4.19.2008

ONCE

Once
Directed and Written by John Carney













Pin it all down to a moment that melts your heart like butter and gets in your eyes and sums it all up, and there it is, at the back of a music store, the brokenhearted busker giving the girl sitting on the piano a song to sing, a song he wrote for that other girl he can’t forget but transferable by fate and now a song for whoever, for the unfound One, the possibility beheld- - -“I don’t know you, but I want you, all the more for that . . .” What do you make of that hook when it digs into you and it’s someone you've just met? The giddy shaking to the core over a perfect stranger? It's all about the low spark when random lives overlap and emotional happenstance meshes into story. It's all about the angels shitting on you.

I break this down in my head over and over , out of how it sends me on so little, out of how words fail. Emotional happenstance is an old trope. Emotional happenstance without even a tic of melodrama is ,too, but it throws you on a loop for being so unfussy and honest. Boy meets girl, sort of fall in love, sing a lot. You can jot it down in the back of a bar napkin, like John Carney did, like you can with any love story. Boy’s Irishborn romantic depressive songwriter-in-waiting. Girl’s blithe Czech émigré, husbandless but with kid. She visits him at home and he makes a pass at her - - - lonely boys will be boys. He asks her if she loves her boy’s Dad and she answers cryptically in her own tongue which she wouldn’t if it was a yes and yet . . . yeah, women. Has all the niggling, baffling colors and noise and static that make men men and women women but still,I break it down and get parts that shouldn't fit but somehow do. I get a series of brief encounters banal on paper and on its own but somehow incandescent on a string. I get an ending I fervently wish is a beginning. I get naked and hurtful indiefolk love songs, fucking beautiful throughout and majestic at least three times, and blame it all on its wise mush.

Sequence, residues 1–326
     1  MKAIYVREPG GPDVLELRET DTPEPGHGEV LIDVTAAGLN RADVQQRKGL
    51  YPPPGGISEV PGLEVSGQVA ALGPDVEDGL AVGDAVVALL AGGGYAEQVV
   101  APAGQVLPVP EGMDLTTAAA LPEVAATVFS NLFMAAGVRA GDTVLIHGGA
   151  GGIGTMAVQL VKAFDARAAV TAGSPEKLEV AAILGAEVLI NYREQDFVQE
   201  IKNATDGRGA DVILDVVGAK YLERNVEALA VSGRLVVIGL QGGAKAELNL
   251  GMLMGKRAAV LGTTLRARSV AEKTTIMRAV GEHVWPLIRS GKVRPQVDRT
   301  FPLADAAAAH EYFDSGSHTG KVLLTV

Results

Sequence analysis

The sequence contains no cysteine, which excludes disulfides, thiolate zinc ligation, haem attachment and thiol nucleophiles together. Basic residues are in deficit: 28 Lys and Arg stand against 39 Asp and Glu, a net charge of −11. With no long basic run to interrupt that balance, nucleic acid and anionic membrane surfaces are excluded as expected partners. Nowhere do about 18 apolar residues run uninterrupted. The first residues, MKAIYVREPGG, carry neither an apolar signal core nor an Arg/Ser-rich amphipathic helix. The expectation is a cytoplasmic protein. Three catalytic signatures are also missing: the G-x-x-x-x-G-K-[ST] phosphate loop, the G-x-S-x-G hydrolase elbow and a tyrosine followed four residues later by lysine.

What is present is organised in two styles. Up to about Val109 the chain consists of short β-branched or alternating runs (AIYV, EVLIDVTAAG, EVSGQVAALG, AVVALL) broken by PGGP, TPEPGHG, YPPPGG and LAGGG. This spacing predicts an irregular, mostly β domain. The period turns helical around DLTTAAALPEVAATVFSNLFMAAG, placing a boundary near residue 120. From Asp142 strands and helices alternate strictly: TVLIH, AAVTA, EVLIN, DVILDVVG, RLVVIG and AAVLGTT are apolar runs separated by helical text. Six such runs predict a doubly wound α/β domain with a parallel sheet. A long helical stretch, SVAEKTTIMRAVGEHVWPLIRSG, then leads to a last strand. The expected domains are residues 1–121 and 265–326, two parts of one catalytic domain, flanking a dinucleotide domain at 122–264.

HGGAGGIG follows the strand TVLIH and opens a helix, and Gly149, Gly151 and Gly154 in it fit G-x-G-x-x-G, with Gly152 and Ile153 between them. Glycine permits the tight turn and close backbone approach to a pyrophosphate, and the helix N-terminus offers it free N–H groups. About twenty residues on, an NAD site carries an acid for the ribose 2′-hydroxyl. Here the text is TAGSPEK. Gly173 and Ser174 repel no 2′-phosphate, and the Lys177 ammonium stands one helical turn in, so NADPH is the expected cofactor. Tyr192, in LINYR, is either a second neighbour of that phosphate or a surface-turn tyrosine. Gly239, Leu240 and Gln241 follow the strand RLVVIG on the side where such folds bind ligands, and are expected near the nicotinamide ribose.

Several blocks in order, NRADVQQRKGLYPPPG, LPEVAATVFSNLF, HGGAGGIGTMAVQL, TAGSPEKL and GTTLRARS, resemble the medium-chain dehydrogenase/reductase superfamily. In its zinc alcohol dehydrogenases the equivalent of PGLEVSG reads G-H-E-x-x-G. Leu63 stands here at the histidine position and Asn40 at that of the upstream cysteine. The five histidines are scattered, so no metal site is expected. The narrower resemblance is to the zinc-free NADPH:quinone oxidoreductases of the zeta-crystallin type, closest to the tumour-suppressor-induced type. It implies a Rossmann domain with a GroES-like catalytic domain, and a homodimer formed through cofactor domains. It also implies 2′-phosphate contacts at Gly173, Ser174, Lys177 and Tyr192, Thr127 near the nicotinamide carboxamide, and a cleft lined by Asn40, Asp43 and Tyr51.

And the way Glen Hansard & Marketa Iglova have with it, a delicate and almost icky earnestness that toes the line it has to cross before it becomes precious, a sense of its own vulnerability that refuses to back off, a clenching of all the tenderness and beyond loneliness and agony and pissed-offness into fists of pure emotion that not only catches in your throat but gets sticky in your forebrain. Marketa breaking down at her piano in the dark in The Hill. The skeptical engineer cracking a smile when he hears the cascading triumphalism of When Your Mind's Made Up. The indignant desperate yearning of Say It To Me Now - - -" . . . 'cause this is what you've waited for,a chance to even up the score, and as these shadows fall on me now, I will somehow, and if you have something to say you'd better say it now . . .” - - - that turns Glen's voice to gravel. The music store duet when it hits that tearjerky chorus - - -“take this sinking boat and steer it home, we’ve still got time”. Something for the longing. Tears on my pillow.

And the déjà vu when the songs snap into place as if you’ve heard them before. I have,sort of. And so have you. I’ve played some song just like any of these to myself in the grotty dark of my bedroom, headphones cutting me off from the cruel world, nursing a bottle of whisky, pining and pissed-off at the ex who left me for someone else or somesuch romantic crash and burn, poeticizing the apocalypse in my gut - - - which is really just me blowing trouble out of proportion but dammit if it doesn’t hurt and nag - - - with a pop song someone else wrote but feels uncannily as if whoever did fed a wiretap into my brain for grist. And I hang everything on its grasp of this eternal and emotional universality, also the singular virtue of the songs closest to our hearts, the pop beloved if you will. And there's no escaping how much song centers this.

If you can't be with the one you love , love the one you’re with - - - Stephen Stills was a prophet for nailing the dynamics of most modern relationships. And there may be a planet of difference between choice and decision but sometimes the stakes can be too high so you pretend there isn't. But much as true love may never run smooth for all the odds you have to buck getting there , it will find you in the end. Naive as it makes me, I hold out hope in that. And maybe it's just me but when Glen smiles to himself rushing to catch a plane and Marketa looks out the window, I can tell they do,too.

4.18.2008

ACROSS THE UNIVERSE



Across the Universe
Directed by Julie Taymor
Written by Dick Clement and Ian Le Frenais
From a Story by Julie Taymor, Dick Clement
and Ian Le Frenais